Oil prices were higher on Jan. 13, with U.S. crude gaining for the seventh straight day, after industry data showed a bigger than expected drop in inventories and investors shrugged off rising new deaths and infections in the pandemic.
WTI crude futures in the U.S. was up 34 cents, or 0.6%, at $53.55/bbl by 0805 GMT after gaining nearly 2% on Jan. 12. Brent crude was up 36 cents, or 0.6%, at $56.94, having risen 1.7% in the previous session.
Both benchmarks are trading at the highest since February, before the coronavirus outbreak in China began spreading across the world and billions of people went into lockdown to prevent a pandemic that is now in a deadlier second wave.
Prices are shrugging off the latest developments in Europe and the U.S. where death tolls and new infections keep rising, with the focus on rollouts of vaccines, however patchy.
Even as China is grappling with its biggest coronavirus spike in months, comments from President Xi Jinping providing an upbeat assessment of the world's second-biggest economy and biggest oil importer supported prices.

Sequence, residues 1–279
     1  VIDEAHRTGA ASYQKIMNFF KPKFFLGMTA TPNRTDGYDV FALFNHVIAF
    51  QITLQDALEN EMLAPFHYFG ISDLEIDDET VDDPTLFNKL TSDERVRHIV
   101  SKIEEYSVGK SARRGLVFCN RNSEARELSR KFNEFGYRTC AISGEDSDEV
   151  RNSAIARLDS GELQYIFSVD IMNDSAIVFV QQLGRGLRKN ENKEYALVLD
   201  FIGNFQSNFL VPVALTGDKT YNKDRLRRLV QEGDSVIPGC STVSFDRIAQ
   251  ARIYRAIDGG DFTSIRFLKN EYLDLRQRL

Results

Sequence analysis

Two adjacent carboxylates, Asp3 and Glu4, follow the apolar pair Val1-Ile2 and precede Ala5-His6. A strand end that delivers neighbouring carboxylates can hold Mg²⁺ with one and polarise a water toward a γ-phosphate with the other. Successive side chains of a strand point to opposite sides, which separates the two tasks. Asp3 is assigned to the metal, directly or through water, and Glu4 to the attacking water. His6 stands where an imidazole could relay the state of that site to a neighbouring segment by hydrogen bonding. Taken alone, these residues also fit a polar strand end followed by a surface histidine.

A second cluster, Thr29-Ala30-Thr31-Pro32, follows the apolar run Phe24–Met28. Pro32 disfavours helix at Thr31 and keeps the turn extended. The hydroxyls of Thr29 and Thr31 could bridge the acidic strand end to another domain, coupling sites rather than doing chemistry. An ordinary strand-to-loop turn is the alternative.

"Crude oil prices also continued to rally ... on economic optimism in China after President's Xi comments and an inventory report from API showed that crude oil inventories fell more than expected," said Avtar Sandu, senior manager commodities at Phillip Futures.
Oil stocks in the U.S. dropped by 5.8 million barrels last week to around 484.5 million barrels, data from the American Petroleum Institute showed late on Jan. 12.
That was more than analysts' expectations in a Reuters poll for a fall of 2.3 million barrels.
Still, falling inventories and rising oil prices are likely to tempt U.S. drillers back into the fray, especially as Saudi Arabia and other major producers cut their output, effectively ceding market share to American producers, analysts said.
Saudi Arabia cut supplies of crude for February loading for at least three Asian buyers while meeting requirements of at least four others, several refinery and trade sources told Reuters on Jan. 13.
Around 160 km (100 miles) of the gas pipeline, which will supply Russian gas to Germany and other European countries, remains to be laid, the consortium behind the project said earlier on Dec. 23.
The filing follows a request to FERC by ConocoPhillips and Encana to reject the surcharge.
The agreements end a dispute over the $2.5 billion South Texas-Tuxpan natural gas pipeline that was completed in June but has not been in operation.